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I am attempting to determine the size of a downloaded file in python before parsing and manipulating it with BeautifulSoup. (I intend to update to ElementTree soon, but having briefly played with it, it does not solve the problem I am posing here, as far as I can see).

import urllib2, BeautifulSoup
query = 'http://myexample.file.com/file.xml'
f = urllib2.urlopen(query)
print len(f.read())
soup = BeautifulSoup.BeautifulStoneSoup(f.read())

This code falters because when I read() the file the first time in len(), it naturally reaches an EOF and so the file object is then empty by the time I want to access it with BeautifulSoup.

My inital thought was simply to copy the object with a fcopy = f line, but this led me to learn I'm merely referencing the underlying object and gain nothing.

I then thought that fcopy = copy.copy(f) would create a true copy of the object, but apparently not as reading f still results in fcopy being an empty file object.

I even read about passing objects as parameters to functions in order to get round this, and tried the following code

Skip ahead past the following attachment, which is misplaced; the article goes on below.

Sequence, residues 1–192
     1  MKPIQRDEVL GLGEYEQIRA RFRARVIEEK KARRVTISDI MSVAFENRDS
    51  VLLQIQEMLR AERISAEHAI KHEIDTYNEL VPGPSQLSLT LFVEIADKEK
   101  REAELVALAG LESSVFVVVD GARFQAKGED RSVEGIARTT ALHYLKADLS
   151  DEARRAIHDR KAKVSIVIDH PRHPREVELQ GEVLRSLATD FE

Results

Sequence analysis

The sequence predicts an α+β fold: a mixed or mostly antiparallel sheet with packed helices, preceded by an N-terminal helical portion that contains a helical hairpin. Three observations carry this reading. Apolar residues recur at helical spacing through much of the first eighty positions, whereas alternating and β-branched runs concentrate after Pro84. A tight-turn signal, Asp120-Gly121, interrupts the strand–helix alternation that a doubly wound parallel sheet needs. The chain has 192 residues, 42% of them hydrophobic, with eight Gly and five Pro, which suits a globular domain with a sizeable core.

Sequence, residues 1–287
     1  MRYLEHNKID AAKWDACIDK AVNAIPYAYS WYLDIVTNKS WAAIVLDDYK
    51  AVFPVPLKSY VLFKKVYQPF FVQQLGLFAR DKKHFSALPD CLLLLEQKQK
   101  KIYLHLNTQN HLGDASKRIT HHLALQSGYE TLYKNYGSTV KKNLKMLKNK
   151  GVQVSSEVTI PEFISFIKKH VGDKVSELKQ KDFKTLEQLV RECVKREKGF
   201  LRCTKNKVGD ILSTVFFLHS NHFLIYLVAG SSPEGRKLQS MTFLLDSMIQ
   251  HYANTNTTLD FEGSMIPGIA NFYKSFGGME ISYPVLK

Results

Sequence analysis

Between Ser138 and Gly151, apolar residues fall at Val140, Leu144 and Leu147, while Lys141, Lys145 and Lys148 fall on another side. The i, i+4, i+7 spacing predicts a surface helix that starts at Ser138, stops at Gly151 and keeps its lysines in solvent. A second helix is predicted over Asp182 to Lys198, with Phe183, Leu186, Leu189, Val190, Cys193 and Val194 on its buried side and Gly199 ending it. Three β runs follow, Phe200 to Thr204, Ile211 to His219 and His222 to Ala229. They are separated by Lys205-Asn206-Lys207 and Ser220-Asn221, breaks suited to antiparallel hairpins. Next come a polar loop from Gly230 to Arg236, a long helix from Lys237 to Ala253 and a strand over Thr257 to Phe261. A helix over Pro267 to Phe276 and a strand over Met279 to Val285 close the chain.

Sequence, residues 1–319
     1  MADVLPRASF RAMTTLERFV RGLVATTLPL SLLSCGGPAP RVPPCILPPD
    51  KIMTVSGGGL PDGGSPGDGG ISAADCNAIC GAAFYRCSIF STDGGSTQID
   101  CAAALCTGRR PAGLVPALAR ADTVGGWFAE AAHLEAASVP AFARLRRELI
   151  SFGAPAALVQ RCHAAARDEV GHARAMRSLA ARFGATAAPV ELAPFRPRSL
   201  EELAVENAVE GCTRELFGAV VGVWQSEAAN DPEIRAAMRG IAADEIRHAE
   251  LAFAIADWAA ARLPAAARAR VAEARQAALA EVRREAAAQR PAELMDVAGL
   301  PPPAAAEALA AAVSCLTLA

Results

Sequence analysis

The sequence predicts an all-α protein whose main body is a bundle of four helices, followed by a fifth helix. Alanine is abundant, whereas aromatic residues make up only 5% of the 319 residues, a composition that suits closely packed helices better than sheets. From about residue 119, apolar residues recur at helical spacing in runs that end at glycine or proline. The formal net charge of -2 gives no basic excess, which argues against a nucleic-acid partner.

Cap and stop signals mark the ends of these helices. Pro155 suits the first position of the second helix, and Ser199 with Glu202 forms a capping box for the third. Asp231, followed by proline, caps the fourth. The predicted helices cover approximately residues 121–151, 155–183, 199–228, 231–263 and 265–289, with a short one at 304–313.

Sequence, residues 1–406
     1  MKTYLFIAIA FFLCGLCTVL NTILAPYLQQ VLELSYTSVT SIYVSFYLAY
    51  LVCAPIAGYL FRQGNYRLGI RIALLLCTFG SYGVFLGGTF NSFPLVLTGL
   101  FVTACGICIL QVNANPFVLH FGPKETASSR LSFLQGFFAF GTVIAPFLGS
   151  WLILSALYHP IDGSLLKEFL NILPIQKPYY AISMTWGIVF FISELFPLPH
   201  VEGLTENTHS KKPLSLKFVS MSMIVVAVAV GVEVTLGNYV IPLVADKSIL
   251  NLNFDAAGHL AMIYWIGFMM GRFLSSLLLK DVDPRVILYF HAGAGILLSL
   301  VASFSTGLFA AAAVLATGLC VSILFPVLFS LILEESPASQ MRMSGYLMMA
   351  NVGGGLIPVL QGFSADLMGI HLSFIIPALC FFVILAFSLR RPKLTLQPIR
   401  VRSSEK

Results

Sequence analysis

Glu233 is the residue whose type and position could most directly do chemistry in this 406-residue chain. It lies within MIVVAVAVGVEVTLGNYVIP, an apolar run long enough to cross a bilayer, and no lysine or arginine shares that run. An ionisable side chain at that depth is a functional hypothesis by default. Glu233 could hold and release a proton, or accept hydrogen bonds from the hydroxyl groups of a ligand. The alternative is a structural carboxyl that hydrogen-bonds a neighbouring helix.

import urllib2, BeautifulSoup
def get_bytes(file):
    return len(file.read())

query = 'http://myexample.file.com/file.xml'
f = urllib2.urlopen(query)
print(get_bytes(f))
soup = BeautifulSoup.BeautifulStoneSoup(f.read())

But I had the same problem. How can I determine the file size of this object without effectively destroying the file?

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1 Answer

up vote 2 down vote accepted

Copy the content of the file into a variable and work with it:

import urllib2, BeautifulSoup

query = 'http://myexample.file.com/file.xml'
f = urllib2.urlopen(query)
content = f.read()
print len(content)
soup = BeautifulSoup.BeautifulStoneSoup(content)
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doh! So flippin obvious! Thanks :) –  fearoffours Oct 18 '10 at 13:13
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